Making the Transition to Big School

At St Gerard’s Primary School, we understand a child’s first year at school is an important one. It’s a year that children are seen moving towards independence, developing self-esteem, making connections and building positive attitudes towards their schooling.

Whether your little learner is ready to go, or a bit apprehensive, there are many ways that you can help them prepare for life in the classroom.

Talk about school. Ask your child what they think about starting school and whether they have any questions. See if friends and other family members have positive stories about school.

Promote independence. Encourage your child to follow more than one instruction at a time and do things on their own, like getting dressed, going to the toilet, blowing their nose, coughing into their elbow, washing their hands and opening their lunchbox and drink bottle.

Get involved. Attend any transition-to-school programs offered by your child’s school. Meet the teachers, principal and other parents so that you are feeling confident as the first official day of school approaches.

Nurture their learning and development. Encourage your child to observe things, describe things they see and ask questions and express their feelings. Developing a supportive relationship between your family and your child’s school will create a nurturing learning environment.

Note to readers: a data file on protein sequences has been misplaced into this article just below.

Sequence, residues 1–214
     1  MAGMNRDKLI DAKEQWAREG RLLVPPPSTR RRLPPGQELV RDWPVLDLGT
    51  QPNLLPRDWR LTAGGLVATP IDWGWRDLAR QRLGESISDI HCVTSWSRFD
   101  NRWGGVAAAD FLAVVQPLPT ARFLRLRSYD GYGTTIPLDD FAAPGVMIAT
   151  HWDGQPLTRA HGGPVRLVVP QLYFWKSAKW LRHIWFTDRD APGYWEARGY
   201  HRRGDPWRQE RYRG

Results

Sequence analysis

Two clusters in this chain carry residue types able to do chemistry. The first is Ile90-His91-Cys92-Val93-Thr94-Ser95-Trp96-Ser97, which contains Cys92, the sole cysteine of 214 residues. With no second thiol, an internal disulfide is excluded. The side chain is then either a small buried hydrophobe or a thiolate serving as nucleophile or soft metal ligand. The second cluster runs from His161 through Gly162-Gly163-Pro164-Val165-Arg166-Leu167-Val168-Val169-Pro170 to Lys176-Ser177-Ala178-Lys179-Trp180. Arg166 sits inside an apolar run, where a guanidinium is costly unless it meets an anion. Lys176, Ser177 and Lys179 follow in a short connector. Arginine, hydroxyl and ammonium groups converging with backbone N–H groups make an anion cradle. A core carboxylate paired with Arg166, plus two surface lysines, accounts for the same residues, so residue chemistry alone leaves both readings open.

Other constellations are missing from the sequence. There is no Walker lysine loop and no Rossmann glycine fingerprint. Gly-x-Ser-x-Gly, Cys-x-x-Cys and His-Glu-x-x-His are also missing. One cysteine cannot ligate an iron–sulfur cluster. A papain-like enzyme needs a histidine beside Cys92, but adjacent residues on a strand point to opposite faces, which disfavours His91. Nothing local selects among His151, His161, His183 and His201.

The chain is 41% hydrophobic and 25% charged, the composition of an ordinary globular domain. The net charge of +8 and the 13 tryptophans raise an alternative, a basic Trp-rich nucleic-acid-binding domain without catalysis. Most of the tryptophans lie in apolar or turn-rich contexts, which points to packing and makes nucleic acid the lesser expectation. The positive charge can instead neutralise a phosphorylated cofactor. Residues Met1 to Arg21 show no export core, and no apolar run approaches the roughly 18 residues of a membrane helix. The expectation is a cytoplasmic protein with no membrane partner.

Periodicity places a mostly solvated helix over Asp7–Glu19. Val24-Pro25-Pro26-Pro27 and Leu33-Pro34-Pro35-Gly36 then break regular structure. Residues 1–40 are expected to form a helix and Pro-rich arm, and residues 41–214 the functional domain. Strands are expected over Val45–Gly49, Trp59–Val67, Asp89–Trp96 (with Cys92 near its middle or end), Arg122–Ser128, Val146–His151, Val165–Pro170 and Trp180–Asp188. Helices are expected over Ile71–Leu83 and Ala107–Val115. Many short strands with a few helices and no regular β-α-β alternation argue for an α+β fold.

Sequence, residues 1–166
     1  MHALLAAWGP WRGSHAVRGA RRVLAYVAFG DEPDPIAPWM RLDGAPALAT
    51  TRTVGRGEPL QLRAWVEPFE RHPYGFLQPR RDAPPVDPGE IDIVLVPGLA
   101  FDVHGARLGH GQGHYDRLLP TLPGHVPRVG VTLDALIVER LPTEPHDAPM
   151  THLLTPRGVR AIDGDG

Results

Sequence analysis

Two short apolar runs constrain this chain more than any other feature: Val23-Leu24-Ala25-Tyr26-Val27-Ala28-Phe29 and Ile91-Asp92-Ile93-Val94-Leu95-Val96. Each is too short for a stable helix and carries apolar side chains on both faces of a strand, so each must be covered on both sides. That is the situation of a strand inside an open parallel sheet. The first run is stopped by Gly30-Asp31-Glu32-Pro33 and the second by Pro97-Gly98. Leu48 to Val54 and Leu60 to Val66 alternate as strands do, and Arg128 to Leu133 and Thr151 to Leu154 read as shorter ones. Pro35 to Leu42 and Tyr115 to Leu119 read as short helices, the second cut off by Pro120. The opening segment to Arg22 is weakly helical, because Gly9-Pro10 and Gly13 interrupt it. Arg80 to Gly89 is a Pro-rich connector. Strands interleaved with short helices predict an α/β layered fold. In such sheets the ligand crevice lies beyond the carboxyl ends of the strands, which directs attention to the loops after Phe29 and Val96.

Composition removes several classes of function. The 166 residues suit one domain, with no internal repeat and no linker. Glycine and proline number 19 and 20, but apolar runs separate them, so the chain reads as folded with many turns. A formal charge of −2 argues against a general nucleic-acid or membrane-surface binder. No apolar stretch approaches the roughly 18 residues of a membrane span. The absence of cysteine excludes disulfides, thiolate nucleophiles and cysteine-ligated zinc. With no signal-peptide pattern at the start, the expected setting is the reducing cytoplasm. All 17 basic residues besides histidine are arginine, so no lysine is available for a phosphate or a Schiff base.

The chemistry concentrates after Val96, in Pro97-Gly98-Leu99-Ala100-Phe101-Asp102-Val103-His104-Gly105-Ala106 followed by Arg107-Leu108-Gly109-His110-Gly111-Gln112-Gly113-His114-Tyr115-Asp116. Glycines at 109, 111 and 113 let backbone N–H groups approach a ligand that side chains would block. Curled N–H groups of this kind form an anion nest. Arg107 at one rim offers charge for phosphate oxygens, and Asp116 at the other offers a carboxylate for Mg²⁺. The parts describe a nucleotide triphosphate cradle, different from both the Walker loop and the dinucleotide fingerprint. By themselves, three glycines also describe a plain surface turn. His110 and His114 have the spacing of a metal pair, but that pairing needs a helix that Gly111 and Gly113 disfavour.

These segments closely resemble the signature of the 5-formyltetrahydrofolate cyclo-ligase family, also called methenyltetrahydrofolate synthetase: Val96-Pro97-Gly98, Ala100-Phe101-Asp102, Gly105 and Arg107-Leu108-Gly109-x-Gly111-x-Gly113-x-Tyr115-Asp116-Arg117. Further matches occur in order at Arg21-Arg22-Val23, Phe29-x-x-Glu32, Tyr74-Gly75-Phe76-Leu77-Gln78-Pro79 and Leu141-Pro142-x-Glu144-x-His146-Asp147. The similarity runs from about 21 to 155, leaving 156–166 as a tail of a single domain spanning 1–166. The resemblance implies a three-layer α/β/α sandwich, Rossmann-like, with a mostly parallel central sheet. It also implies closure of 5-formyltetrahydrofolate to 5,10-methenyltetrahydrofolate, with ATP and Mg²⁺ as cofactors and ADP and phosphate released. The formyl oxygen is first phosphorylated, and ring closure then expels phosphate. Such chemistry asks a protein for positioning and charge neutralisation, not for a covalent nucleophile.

Encourage finding and using their voice. Support your child in asking clarifying questions and seeking assistance. Be positive and demonstrate active listening when your child is being inquisitive.

Model positive mental behaviour. Make a mistake and let your child see the steps taken to solve the problem. Mistakes are part of life and children should be encouraged to take responsibility for their actions as well as understand reasonable consequences.

Keep your child healthy. Make sure healthy eating habits are demonstrated at home. Eating fruits and vegetables each day help keep little bodies happy and health. Establishing good sleep routines before school starts, helps little people cope with the busy start of the school year.

Create positive routines and behaviours. Do a practice school run, show your child where their new school is and explain how you’ll get there. Practise getting ready for school, join pre-arranged play dates and share in your child’s excitement. If they’re a bit apprehensive, help them think about the up-sides of starting school.

Read books. We encourage families to read lots of books about starting school, so visit your local library or bookstore for titles like, Starting School by Jane Godwin, First Day at Bug School by Sam Lloyd, The Night Before Kindergarten by Natasha Wing, Wombat Goes to School by Jackie French or First Day by Andrew Daddo.

In summary, parents can help prepare children for school by: 

  • Talking about school and listening to their thoughts 
  • Encouraging independence 
  • Explaining practical arrangements and doing ‘dry runs’ and reading lots of books 
  • Model positive behaviours and routine at home 
  • Being positive 

The transition to school is a big change, and whether children are excited, apprehensive or undecided, your choice of school plays a key role in helping children and families embrace the change. 

At St Gerard’s, we work together with families to achieve quality learning within a positive school environment, which we believe, is essential for children to experience success as learners. education 

If your child is ready to start school in 2024 or you are looking for a change, we invite you to contact our school office and arrange a school tour